How we get rid of the Tories’ anti-union legislation?

The Strikes Act 2023 is the latest in a long line of anti-union laws

Commentary icon23 Feb 2024|Comment

Sarah Woolley

General Secretary, BFAWU

Back in December, the Trades Union Congress (TUC) called a special conference to discuss the movements’ response to the Strikes (Minimum Service Levels) Act 2023 (MSL). This included possible actions a united movement could take to undermine the legislation and make its implementation impossible in practice.

There will be a need to build coalitions across the wider labour movement, progressive campaigners, and community activists to ensure that we pressure as many local authorities as possible, through directly elected mayors and councillors, to reject issuing work notices and to speak out against this piece of legislation as Sheffield City Council already has.

In an effort to assist such a campaign, CTUF is proposing to work alongside Strike Map, which itself is partnered with the GFTU of which I am the president of for the next 12 months, in an initiative to Defend the Right to Strike.

The aim will be to use the power of our unions to encourage local councils and other employers to join with the Scottish Government, Welsh Assembly and others in refusing to implement work notices – a key TUC strategy in undermining the legislation.

The aims of the strategy are to utilise the strength of the union movement to build a group of employers/local authorities that refuse to implement work notices as part of undermining the implementation of the Minimum Services Level legislation.

To unite allies in our communities, Westminster and elsewhere to call for the MSL to be scrapped and employers not to implement work notices.

To use this mass campaign as a springboard to demand the repeal of this legislation but we can’t stop there we want the scrappage of all other anti-union laws too.

Friends, the Strikes (Minimum Service Levels) Act 2023 is the latest in a long line of anti-union laws, which has culminated in Britain having some of the most restrictive trade union legislation in Western Europe. This latest attack redefines the relationship between unions, employers, and union members to such an extent that unions are coerced into working with employers to define who can and cannot take strike action. Worse, if union members do not comply with these work notices they risk dismissal without unfair dismissal protections and the Unions involved risk fines and sequestration of assets.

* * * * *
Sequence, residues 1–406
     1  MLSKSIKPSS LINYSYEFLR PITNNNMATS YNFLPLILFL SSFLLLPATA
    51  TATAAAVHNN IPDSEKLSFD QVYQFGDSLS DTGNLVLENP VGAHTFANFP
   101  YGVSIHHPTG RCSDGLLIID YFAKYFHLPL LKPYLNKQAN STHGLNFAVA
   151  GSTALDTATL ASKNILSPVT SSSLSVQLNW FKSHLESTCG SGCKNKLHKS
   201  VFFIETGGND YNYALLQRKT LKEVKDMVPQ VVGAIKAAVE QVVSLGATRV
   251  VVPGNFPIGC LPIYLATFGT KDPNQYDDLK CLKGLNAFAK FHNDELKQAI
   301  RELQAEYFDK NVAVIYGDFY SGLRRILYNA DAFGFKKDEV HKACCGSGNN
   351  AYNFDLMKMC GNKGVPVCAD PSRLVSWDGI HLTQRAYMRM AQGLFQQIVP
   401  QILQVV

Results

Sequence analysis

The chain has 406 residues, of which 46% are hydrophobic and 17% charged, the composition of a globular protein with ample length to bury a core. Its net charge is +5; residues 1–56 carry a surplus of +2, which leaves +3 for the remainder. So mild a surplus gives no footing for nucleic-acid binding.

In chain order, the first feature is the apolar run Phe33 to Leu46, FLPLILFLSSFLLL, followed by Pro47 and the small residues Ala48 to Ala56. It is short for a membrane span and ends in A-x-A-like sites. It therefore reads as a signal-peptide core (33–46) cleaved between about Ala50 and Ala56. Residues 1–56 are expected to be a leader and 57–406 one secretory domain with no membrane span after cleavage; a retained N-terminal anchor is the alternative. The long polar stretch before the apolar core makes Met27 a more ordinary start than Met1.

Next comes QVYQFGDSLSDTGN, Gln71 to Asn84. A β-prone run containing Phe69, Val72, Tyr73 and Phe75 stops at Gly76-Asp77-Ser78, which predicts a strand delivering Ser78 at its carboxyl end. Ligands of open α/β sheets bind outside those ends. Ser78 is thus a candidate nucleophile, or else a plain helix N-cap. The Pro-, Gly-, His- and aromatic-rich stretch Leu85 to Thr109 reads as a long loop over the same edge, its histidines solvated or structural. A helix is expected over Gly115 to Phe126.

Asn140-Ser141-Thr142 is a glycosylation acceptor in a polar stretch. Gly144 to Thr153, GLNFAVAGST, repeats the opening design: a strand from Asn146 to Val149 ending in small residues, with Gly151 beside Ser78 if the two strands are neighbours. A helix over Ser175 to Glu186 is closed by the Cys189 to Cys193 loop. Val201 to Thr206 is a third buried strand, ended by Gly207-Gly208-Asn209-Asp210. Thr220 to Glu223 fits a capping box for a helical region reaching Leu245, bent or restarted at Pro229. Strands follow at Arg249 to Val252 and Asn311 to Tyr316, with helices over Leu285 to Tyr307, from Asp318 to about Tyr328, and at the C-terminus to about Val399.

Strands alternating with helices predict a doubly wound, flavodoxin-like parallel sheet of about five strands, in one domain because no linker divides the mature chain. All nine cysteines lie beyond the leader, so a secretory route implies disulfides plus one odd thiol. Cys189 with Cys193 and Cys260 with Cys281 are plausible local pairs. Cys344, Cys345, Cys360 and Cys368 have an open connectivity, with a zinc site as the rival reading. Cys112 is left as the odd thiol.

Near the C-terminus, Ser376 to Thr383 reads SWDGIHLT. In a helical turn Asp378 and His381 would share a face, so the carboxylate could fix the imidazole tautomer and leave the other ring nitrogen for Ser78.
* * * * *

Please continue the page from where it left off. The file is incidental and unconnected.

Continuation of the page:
The current legislation identifies six areas of the economy that will be impacted including health, fire and rescue, education, rail transport and border services, together with aspects of nuclear installations and management of radioactive waste. However, it is widely feared that the legislation could be extended to include other groups of workers. The current legislation, known as a ‘skeleton’ act of parliament, due to its small size, will largely miss parliamentary scrutiny, with control left in the hands of the Secretary of State – whoever that may be from one week to the next.

However, under the legislation as currently drafted, there is no legal duty on employers to produce work notices. This provides employers with a degree of discretion and the trade union movement with a huge opportunity to build its strategy of non-compliance with the legislation.

Already, both the Scottish Government and Welsh Assembly have been clear they both oppose the legislation and will not look to comply with it. This demand to not implement the legislation has growing momentum, with both Sheffield City Council and metro mayors publicly stating they will not comply.

This is an opportunity for us to build a mass movement of trades unions, campaign groups and community activists to target employers, directly elected mayors and political leaders to not comply with this legislation and build pressure on any future Government to repeal this and all other anti-union laws of the last forty years, we need more than words and marches, we need deeds and action now.

This campaign will use the now-established and successful “mapping” tools developed by StrikeMap, if you haven’t had a look at their map, I would encourage you to do so, to engage trade union members and our communities in building a mass movement to make MSLs unworkable.

Developing this level of non-compliance and a wider understanding of the UK’s restrictive trade union laws can help generate an opportunity to build pressure on any incoming Government whatever colour it may be to repeal this and previous anti-union laws. The only way to do this though is by standing together across our movement, with our allies in community organisations and push back against this and all anti-union legislation.

This article is an adapted version of the speech given by BFAWU General Secretary Sarah Woolley at the Morning Star Conference – ‘Fightback: 40 Years on from the Miners’. It was first published on the Labour Outlook website.